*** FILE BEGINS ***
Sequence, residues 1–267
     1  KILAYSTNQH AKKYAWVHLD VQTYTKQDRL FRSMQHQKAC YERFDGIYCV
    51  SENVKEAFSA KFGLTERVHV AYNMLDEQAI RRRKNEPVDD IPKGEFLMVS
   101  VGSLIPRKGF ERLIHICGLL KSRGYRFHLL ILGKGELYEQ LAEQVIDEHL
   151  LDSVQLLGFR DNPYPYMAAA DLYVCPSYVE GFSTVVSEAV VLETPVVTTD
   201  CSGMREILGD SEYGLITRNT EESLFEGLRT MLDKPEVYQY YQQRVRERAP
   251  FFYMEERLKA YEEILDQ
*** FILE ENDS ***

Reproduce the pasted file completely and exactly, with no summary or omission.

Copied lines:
Sequence, residues 1–267
     1  KILAYSTNQH AKKYAWVHLD VQTYTKQDRL FRSMQHQKAC YERFDGIYCV
    51  SENVKEAFSA KFGLTERVHV AYNMLDEQAI RRRKNEPVDD IPKGEFLMVS
   101  VGSLIPRKGF ERLIHICGLL KSRGYRFHLL ILGKGELYEQ LAEQVIDEHL
   151  LDSVQLLGFR DNPYPYMAAA DLYVCPSYVE GFSTVVSEAV VLETPVVTTD
   201  CSGMREILGD SEYGLITRNT EESLFEGLRT MLDKPEVYQY YQQRVRERAP
   251  FFYMEERLKA YEEILDQ